In New South Wales, extreme provocation can be used as a ‘partial defence’ to a charge of murder. If a person charged with murder was acting in response to extreme provocation, he or she will be found guilty of manslaughter rather than murder (Crimes Act 1900, Section 23(1)). The defence of provocation does not exist in relation to assaults or other violent offences.
The law concerning provocation as a defence to murder was substantially altered in 2014 and does not apply to murders alleged to have been committed before 13 June 2014.
Under Section 23 of the Crimes Act 1900, a jury is to acquit an accused of murder and find them guilty of manslaughter if:
- The act causing death was done in response to extreme provocation;
- The act was done in response to conduct towards the accused; and
- The conduct was a serious indictable offence;
- The conduct caused the accused to lose self-control; and
- The conduct of the deceased could have caused an ordinary person to lose self-control to the extent of intending to kill or inflict grievous bodily harm on the deceased.
Conduct does not amount to extreme provocation if it was limited to a non-violent sexual advance or if the accused incited the conduct as an excuse to use violence against the deceased.
The rationale behind the defence of provocation is that a person’s moral culpability is reduced when they have lost control in response to provocative conduct. A conviction for manslaughter rather than murder is said to be more reflective of the level of blameworthiness in this situation.
Supporters of the defence argue that it is important to retain a distinction between killing in response to provocation and killing in other circumstances.
The partial defence of extreme provocation carries what is known as a ‘reverse onus’. This means that once the defence has raised it as a defence, the prosecution must prove beyond a reasonable doubt that the accused was not acting under provocation. It is not for the accused to prove that he or she was acting under provocation.
What the jury must consider
The jury must apply the following questions to the evidence before the court in assessing whether the victim was killed in response to extreme provocation:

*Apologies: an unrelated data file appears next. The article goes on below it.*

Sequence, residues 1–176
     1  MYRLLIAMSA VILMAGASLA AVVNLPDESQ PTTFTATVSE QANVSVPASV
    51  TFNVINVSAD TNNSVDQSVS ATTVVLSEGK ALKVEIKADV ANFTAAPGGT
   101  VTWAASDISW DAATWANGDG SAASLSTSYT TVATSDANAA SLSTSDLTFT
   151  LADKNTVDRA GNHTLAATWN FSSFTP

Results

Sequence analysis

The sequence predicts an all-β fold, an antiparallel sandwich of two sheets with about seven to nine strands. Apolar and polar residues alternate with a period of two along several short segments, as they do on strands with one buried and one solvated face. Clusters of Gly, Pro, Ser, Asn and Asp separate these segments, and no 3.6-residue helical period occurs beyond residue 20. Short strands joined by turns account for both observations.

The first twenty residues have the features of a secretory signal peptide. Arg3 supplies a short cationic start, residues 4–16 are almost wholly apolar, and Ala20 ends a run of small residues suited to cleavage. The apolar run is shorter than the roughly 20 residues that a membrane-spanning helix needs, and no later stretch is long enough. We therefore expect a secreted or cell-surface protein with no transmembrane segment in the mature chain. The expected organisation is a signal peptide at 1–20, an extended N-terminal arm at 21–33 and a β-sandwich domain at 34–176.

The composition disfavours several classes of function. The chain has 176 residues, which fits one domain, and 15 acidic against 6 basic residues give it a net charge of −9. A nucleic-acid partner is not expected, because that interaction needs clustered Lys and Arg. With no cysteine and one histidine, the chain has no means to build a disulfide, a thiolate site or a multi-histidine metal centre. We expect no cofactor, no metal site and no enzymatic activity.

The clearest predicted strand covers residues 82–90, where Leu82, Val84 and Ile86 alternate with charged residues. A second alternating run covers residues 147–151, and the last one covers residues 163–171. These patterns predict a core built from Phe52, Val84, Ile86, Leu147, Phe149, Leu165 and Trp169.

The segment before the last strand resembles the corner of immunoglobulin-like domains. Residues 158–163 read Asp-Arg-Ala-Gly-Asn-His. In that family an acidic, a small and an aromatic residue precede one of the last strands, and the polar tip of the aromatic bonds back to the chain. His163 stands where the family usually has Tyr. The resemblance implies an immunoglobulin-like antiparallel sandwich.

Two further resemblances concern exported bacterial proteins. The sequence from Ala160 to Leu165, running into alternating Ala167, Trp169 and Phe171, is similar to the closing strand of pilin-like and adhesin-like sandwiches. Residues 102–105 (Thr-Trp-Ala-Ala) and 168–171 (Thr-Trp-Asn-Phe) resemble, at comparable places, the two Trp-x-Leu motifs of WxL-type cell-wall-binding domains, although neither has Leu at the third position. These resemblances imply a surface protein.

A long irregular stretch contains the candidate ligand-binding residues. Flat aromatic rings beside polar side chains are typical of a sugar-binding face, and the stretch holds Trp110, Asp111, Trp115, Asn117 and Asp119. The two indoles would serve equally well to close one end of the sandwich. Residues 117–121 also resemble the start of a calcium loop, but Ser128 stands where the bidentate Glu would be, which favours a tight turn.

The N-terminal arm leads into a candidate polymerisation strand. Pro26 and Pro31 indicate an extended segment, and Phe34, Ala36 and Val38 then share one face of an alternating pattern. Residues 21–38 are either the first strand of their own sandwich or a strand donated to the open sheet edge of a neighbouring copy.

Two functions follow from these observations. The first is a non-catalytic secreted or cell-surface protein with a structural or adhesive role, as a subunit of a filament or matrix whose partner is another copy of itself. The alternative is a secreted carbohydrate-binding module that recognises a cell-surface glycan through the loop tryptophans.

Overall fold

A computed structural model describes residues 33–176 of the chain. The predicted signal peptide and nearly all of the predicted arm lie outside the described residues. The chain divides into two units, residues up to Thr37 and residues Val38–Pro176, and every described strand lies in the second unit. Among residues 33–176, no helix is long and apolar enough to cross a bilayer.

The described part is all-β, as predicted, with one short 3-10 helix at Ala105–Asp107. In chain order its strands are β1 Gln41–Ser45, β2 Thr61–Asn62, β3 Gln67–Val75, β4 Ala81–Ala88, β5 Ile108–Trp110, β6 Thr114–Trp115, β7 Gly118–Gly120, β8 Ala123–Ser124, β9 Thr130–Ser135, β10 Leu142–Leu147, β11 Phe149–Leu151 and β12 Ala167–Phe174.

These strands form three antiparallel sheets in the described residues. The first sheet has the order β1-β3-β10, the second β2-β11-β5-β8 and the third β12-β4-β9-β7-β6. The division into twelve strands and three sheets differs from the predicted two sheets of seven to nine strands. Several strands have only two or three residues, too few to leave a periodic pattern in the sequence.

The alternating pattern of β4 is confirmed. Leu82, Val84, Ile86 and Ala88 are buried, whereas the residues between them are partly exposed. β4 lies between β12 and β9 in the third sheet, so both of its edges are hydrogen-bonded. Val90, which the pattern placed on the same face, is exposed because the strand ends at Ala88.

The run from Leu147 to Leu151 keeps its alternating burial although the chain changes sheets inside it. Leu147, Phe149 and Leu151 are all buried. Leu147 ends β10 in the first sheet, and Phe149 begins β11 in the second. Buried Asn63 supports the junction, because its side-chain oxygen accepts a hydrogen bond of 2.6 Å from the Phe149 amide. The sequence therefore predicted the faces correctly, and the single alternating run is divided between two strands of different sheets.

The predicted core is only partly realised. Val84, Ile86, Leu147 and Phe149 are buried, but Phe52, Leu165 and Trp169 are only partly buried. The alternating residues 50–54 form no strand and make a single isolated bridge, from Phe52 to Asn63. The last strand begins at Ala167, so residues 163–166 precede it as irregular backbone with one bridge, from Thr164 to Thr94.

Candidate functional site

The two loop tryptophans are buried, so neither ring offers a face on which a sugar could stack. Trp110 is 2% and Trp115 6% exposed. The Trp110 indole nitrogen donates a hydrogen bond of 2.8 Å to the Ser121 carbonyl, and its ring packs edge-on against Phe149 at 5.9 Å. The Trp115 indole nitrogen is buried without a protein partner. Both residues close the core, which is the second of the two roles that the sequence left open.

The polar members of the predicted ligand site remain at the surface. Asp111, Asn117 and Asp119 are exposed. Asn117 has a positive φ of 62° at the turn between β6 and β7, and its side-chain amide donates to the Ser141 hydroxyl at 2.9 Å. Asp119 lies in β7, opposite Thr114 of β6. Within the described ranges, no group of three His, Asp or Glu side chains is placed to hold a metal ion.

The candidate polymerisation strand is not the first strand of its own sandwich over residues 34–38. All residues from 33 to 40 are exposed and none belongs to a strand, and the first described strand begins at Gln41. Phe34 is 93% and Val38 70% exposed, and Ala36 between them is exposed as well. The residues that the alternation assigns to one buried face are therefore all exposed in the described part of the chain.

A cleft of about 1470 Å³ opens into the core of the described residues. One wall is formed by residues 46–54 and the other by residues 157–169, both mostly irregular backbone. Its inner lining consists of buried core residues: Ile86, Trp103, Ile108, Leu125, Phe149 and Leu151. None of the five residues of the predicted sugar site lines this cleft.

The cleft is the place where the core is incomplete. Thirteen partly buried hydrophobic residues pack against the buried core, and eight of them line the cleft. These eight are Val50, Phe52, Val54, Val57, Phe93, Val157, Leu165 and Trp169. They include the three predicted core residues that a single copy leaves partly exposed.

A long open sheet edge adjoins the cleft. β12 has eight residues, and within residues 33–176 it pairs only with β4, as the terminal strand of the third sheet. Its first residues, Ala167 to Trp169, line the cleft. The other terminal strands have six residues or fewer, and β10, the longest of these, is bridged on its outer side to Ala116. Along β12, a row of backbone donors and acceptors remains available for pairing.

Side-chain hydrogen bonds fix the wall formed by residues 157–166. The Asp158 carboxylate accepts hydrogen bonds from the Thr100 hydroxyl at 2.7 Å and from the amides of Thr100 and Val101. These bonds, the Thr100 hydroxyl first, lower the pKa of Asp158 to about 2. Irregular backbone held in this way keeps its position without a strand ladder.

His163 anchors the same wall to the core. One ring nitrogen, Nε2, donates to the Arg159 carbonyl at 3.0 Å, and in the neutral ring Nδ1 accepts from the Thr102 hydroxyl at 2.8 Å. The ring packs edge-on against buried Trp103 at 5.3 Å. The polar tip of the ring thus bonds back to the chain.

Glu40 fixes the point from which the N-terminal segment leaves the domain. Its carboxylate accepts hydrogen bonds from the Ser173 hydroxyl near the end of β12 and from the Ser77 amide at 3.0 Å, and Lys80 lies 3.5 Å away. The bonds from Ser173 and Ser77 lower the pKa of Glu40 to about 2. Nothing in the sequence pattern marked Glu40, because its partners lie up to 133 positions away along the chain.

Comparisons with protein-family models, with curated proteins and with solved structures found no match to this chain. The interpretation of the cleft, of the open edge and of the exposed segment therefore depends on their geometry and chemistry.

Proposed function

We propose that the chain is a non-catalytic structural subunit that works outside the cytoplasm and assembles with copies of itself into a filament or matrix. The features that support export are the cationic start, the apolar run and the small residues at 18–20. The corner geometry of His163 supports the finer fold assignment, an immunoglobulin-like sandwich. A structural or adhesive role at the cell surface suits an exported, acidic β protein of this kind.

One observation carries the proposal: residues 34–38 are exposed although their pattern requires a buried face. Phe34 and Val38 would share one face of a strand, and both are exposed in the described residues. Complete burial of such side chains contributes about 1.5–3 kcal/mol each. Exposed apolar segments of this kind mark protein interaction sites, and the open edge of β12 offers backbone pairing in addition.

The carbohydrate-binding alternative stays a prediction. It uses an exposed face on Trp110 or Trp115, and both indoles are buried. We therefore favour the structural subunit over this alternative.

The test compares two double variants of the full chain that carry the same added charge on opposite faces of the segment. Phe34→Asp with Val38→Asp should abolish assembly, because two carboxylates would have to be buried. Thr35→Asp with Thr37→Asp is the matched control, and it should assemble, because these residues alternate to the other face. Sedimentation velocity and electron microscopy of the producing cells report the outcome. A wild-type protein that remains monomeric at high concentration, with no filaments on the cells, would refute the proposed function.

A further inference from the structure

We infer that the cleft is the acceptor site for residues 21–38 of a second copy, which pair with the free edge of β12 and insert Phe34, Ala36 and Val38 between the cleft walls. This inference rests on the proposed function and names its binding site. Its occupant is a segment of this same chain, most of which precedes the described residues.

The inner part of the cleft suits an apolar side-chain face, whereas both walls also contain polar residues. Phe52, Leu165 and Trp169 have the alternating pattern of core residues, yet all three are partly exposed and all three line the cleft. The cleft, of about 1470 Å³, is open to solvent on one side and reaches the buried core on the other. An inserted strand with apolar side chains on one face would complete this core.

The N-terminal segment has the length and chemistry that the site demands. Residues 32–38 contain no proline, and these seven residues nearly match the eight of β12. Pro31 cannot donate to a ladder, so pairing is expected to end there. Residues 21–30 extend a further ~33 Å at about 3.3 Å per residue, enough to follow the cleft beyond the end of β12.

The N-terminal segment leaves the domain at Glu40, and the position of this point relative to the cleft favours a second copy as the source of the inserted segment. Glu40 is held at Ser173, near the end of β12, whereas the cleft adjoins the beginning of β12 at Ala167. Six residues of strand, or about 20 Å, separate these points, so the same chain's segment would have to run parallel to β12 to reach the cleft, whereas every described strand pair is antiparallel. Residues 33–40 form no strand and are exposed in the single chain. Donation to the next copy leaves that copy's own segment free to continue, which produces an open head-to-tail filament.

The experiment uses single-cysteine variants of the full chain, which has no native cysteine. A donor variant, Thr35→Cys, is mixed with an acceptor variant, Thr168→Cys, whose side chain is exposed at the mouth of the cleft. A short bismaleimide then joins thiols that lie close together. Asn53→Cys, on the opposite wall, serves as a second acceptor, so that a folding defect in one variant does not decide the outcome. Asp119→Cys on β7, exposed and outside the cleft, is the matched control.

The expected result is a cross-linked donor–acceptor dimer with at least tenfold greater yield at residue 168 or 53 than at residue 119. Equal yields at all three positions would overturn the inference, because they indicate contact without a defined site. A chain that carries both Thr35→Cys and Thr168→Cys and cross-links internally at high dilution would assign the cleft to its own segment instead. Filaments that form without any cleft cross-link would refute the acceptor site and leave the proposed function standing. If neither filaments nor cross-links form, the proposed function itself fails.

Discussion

- Was the act that caused death done in response to conduct of the deceased towards or affecting the accused? If the jury is not satisfied beyond a reasonable doubt that the act that caused death was the response to conduct directed towards or affecting the accused, the defence of extreme provocation fails.
- Was the conduct a serious indictable offence? The jury must be satisfied beyond a reasonable doubt that the deceased’s conduct amounted to an indictable offence, having regard to all the elements of the indictable offence in question.
- Did the conduct cause the accused to lose self-control? If the conduct did not cause the accused to lose self-control then the defence of provocation fails.
- Could the conduct have caused an ordinary person to lose self-control to the extent of intending to kill or inflict grievous bodily harm? An ordinary person is one who is sober and of the same age and level of maturity as the accused. The jury must not take into account any other personal attributes of the accused. The response to consider is a possible response and not the probable response. If the accused was voluntarily intoxicated at the time of the act causing death, this must be disregarded.
Provocation before 2014
Prior to 2014 the defence of provocation had a significantly wider scope. In 2012 a man was convicted of manslaughter rather than murder after successfully arguing that he killed his wife in response to provocation after she told him that she did not love him, had never loved him and in fact loved someone else. A select committee was established to consider the reform of the defence after community concerns were raised about this verdict. Critics of the defence argued that provocation was commonly used by men who killed their partners, that the defence blamed the victim and that it privileged male reactions to insult.
In 2014, the defence of provocation was significantly restricted to ensure that it could not be used in situations where the provocation claimed was infidelity, ending a relationship or a non-violent sexual advance. The partial defence was retained, partially in response to concerns that was necessary to protect female victims of long-term domestic violence where it may be impossible to establish the act causing death was done in self-defence.
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